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U.S. media are now abuzz about Presient Obama’s remark, “I should somehow do a Jedi mind-meld with these folks” at the press conference after sequestration meeing with Congressional leaders at the White House held on March 1st.

The Atlantic complains that President Obama confused the Jedi of “Star Wars” and the mind-melds of “Star Trek,” and predicted that the President shatters his “nerd credibility.” Reference to Jedi mind-meld came in the following statement:

"Most people agree that I’m being reasonable, that most people agree that I’m presenting a fair deal. The fact that they don’t take it, means that I should somehow do a Jedi mind-meld with these folks and convince them to do what’s right. ---The Speaker of the House and the leader of the Senate and all those folks have responsibilities. What I can do is present the best possible case for why we need to do the right thing.”

As I’m unfamiliar with the plots of both “Star Wars” and “Star Trek,” I’m not sure of what “I should somehow do a Jedi mind-meld with these folks.” means. But I guess it means that most Americans think the President should change the mind of both the Speaker of the House and the Sanate leader and other “ramaining on their ass.”

What is the exact translation of “Do a mind-meld with somebody”? Does it mean to brainwash somebody?

Is “do a Jedi, or do mind-meld” a stand-alone English expression that most English- speaking people understand and use?

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He mixed together “Vulcan mind-meld” and “Jedi mind-trick”, pivoting on mind. Poor guy. –  tchrist Mar 2 '13 at 3:06
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"As I’m unfamiliar with the plots of both “Star Wars” and “Star Trek”" — How did you even get on the internet with so little nerd cred? You need to remedy this failing at once! –  jwodder Mar 2 '13 at 3:35

2 Answers 2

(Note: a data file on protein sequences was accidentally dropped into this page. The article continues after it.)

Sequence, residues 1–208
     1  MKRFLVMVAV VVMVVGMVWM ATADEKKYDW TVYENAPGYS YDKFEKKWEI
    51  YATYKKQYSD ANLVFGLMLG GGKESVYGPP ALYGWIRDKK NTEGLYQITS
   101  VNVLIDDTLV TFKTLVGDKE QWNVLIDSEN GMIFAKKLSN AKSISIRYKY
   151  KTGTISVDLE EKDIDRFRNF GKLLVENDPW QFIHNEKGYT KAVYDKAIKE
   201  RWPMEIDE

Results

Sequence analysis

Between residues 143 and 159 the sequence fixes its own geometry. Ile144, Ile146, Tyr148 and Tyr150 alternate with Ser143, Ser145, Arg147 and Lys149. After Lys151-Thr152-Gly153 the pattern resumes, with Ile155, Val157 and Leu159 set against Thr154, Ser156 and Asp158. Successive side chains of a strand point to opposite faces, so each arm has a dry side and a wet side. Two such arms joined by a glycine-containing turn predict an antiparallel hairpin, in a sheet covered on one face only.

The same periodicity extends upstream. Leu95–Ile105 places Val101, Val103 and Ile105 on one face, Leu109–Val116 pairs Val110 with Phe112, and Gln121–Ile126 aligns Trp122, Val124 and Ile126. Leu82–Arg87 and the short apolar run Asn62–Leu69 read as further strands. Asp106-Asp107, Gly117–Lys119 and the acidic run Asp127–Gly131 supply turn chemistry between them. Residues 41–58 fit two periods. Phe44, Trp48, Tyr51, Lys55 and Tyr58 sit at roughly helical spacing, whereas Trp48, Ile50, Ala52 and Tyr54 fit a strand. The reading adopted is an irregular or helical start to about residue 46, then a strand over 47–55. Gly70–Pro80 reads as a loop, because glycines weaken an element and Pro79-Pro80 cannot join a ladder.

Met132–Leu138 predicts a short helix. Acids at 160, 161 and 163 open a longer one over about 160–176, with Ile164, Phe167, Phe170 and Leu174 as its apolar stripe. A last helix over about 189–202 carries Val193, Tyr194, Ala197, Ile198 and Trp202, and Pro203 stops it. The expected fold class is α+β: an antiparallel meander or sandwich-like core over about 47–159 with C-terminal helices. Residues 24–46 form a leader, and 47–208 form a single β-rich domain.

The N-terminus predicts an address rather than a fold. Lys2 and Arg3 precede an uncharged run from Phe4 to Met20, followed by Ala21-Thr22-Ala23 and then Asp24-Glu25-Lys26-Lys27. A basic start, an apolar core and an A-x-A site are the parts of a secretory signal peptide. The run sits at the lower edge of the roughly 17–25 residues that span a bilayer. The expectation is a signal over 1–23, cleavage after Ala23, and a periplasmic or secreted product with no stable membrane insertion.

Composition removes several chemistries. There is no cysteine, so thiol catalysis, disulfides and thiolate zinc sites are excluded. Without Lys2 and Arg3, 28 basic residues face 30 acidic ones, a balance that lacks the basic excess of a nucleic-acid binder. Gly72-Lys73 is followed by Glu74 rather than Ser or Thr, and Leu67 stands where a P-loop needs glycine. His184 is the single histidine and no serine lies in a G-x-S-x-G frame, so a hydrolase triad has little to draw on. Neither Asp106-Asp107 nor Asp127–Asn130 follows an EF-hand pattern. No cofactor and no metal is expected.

I think President Obama was more likely thinking of Jedi mind control. The paradigm is established in the first Star Wars movie (now re-entitled A New Hope) where Jedi adept Obiwan Kenobi is escorting two robots whom the bad guys are seeking, and on encountering a patrol intones "These are not the droids you’re looking for" and the evil stormtrooper leading the patrol vacantly echoes "These aren’t the droids we’re looking for". Obviously, without the Jedi mind control, the patrol would have interrogated and surely captured the heroes. (I'm afraid I can't find a You Tube clip because of copyright.)

The implication here is that Obama lacks the mystical ability to force Republican members of Congress to do exactly the opposite of their apparent mission, which is to oppose tax increases of any size or nature.

The Vulcan mind meld was more often a rapid thought communication pathway than a technique of control.

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I think you’re right. That’s why I said poor guy; he got his cultural references all cross-connected. –  tchrist Mar 2 '13 at 17:23
    
@tchrist: Yeah, dealing with Boehner and McConnell is probably enough to cross anyone's wires. :-) But for the benefit of those who spend their youth more productively than re-watching SW, figured a full explanation would help. –  Andrew Lazarus Mar 2 '13 at 17:29

No, it's not brainwashing, but the definition is readily available on the Internet:

"A 'mind-meld' is a technique for sharing thoughts, experiences, memories, and knowledge with another individual. It usually requires physical contact with a subject, though instances of mind-melds without contact have been seen (for example, in the episode 'The Devil in the Dark')."

And, no, most English-speakers don't use or understand this phrase. I've watched a few Star Wars movies, many Star Trek episodes on TV, and maybe two Star Trek movies. I like science fiction, but I'd never heard of this until today when I read the same article you did. If you use it -- and there's nothing wrong with using this kind of special phrase in normal conversation -- you 'll have to be prepared to explain it to us non-Trekkies and non-Star Wars fanatics.

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